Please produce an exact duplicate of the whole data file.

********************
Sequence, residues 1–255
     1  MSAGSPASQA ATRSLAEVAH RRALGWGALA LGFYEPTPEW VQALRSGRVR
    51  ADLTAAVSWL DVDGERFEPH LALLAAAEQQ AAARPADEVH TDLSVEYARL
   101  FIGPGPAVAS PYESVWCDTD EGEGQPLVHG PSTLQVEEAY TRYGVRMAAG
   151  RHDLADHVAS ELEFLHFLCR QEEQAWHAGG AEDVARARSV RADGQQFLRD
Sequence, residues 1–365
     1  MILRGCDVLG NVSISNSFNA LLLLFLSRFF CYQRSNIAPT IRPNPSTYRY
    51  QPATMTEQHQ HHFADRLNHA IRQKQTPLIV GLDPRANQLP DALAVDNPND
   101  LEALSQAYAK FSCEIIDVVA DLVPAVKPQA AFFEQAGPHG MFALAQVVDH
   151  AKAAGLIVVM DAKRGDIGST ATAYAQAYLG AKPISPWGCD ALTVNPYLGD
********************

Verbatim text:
Sequence, residues 1–255
     1  MSAGSPASQA ATRSLAEVAH RRALGWGALA LGFYEPTPEW VQALRSGRVR
    51  ADLTAAVSWL DVDGERFEPH LALLAAAEQQ AAARPADEVH TDLSVEYARL
   101  FIGPGPAVAS PYESVWCDTD EGEGQPLVHG PSTLQVEEAY TRYGVRMAAG
   151  RHDLADHVAS ELEFLHFLCR QEEQAWHAGG AEDVARARSV RADGQQFLRD
Sequence, residues 1–365
     1  MILRGCDVLG NVSISNSFNA LLLLFLSRFF CYQRSNIAPT IRPNPSTYRY
    51  QPATMTEQHQ HHFADRLNHA IRQKQTPLIV GLDPRANQLP DALAVDNPND
   101  LEALSQAYAK FSCEIIDVVA DLVPAVKPQA AFFEQAGPHG MFALAQVVDH
   151  AKAAGLIVVM DAKRGDIGST ATAYAQAYLG AKPISPWGCD ALTVNPYLGD